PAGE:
Therefore, we think ENPG might be an alternative strategy for treating newly diagnosed localized stage I NPC patients who refuse radiotherapy. While it must be emphasized that this cohort has been strictly selected for, and it remains to be seen if the quality were repeatable by other centers of different levels. The contemporaneous review by Melvin et al. from the National Cancer Centre Singapore [28] stated that the results are impressive with regard to the possibility of replacing IMRT with ENPG in early-stage NPC patients without compromising the excellent prognosis, but the generalized application of ENPG for low-risk NPC should still be approached prudently, and prospective clinical trials are needed to further verify the results.

Conclusion

With deep insight into the biological characteristics of NPC and evolving treatment technologies, the treatment methods for NPC have been gradually enriched and updated. At present, radiotherapy is still the first choice for newly diagnosed NPC, and ENPG has become the first-line therapy for sI-II local recurrent NPC. Given the iterative upgrades of early screening technology, an increasing number of early patients can be found. By strictly restricting the indication criteria, this prudent radical surgical treatment for “very early” stage NPC is expected to become an alternative to radiotherapy for patients who are unwilling to experience radiotherapy toxicity. However, more studies and patients are needed in the future to validate these results.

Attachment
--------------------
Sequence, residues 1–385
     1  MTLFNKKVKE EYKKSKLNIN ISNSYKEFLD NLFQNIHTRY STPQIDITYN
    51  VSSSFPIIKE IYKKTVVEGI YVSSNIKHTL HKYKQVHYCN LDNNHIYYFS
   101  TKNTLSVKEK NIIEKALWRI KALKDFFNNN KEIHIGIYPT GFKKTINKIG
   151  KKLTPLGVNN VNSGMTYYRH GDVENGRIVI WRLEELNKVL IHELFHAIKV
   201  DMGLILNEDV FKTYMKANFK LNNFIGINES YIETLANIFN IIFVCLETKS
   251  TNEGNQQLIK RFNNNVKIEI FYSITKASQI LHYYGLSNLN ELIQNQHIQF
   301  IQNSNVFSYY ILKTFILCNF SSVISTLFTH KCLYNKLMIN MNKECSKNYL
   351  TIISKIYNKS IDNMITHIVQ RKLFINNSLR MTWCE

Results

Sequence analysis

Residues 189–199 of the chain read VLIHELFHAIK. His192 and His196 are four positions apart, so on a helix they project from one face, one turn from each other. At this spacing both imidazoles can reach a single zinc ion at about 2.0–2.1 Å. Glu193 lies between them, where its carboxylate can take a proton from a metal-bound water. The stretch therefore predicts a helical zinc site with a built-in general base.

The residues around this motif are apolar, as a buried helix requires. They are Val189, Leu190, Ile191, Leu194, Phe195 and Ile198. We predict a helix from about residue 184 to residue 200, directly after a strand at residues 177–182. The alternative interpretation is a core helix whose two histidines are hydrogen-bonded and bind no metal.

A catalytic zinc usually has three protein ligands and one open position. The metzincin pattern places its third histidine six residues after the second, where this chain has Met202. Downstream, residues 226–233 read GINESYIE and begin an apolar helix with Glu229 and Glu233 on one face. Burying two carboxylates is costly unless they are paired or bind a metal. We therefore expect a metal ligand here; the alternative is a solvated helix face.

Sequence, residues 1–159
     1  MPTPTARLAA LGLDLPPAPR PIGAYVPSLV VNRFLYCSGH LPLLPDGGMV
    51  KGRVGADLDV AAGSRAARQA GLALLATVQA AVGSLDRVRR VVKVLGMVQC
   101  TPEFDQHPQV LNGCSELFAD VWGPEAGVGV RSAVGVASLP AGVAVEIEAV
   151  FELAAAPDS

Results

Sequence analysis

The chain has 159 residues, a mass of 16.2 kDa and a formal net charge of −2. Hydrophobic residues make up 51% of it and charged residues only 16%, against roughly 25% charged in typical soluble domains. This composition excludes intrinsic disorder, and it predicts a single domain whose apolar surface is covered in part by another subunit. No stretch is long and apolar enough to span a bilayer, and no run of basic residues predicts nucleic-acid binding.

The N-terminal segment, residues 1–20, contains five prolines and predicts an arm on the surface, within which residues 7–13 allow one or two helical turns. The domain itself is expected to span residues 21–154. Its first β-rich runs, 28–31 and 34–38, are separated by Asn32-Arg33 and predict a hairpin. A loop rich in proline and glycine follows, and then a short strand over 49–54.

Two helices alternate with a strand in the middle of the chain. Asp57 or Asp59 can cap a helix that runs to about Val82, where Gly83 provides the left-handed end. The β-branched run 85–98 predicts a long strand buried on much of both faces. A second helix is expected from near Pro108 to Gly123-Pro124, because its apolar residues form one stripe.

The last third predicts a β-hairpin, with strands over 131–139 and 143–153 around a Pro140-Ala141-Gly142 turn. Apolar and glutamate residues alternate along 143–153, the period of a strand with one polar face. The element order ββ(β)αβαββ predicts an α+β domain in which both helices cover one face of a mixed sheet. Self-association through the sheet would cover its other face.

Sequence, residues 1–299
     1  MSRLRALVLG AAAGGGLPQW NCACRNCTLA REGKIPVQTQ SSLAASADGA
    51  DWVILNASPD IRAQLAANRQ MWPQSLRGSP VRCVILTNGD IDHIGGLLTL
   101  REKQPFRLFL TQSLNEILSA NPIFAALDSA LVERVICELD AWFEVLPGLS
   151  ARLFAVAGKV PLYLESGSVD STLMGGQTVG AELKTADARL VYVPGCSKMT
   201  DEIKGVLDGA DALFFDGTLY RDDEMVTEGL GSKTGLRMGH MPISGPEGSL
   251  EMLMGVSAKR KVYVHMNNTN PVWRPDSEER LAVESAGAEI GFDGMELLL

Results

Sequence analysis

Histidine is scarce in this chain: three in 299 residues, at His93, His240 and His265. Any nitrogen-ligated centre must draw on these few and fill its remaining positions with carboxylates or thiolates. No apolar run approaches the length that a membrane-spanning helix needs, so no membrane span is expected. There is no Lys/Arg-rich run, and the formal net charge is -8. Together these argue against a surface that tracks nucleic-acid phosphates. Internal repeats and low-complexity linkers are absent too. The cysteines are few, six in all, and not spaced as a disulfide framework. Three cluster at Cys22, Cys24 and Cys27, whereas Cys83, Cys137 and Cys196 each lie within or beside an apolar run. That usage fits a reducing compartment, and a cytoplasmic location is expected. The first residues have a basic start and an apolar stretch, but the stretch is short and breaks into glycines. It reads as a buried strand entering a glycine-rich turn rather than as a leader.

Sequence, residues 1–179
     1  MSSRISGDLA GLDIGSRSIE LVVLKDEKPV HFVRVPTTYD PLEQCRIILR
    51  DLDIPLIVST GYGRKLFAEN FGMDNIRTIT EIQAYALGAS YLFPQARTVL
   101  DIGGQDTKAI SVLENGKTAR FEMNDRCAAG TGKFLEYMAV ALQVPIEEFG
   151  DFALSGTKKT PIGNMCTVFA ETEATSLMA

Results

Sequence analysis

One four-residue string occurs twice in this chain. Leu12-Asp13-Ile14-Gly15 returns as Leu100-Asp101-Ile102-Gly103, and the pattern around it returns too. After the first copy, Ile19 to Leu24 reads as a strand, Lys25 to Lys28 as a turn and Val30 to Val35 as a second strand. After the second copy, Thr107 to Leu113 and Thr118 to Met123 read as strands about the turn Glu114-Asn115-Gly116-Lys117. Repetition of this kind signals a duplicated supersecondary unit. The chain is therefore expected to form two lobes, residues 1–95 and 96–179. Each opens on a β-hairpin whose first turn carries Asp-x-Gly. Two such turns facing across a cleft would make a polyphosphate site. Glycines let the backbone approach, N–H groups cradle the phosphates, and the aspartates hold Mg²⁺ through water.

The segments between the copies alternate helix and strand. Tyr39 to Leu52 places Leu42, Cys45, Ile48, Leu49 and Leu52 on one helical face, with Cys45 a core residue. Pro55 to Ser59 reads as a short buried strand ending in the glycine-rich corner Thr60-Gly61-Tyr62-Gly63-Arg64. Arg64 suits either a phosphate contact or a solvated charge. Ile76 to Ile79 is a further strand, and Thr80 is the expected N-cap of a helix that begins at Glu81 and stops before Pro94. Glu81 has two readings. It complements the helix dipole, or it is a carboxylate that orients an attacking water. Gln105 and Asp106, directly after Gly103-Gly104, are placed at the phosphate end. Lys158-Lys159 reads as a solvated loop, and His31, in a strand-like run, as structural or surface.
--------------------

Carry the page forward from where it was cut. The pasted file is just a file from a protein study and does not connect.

Competing interests

The authors declare that they have no conflicts of interest.

Acknowledgments

Funding was provided by the Program of Sun Yat-Sen University for Clinical Research 5010 Program (No. 2013010, 2018015, 2018029), the National Natural Science Foundation of China (No. 81772895, 81874134), Guangdong Province Science and Technology Development Special Funds (Frontier and Key Technology Innovation Direction – Major Science and Technology Project) (No. 2017B020226004), CSCO-JunShi Cancer Immunotherapy Clinical Research Fund (No. Y-JS2019-002).

References

  1. Cao SM, Simons MJ, Qian CN. The prevalence and prevention of nasopharyngeal carcinoma in China. Chin J Cancer. 2011;30(2):114–9. [Google Scholar]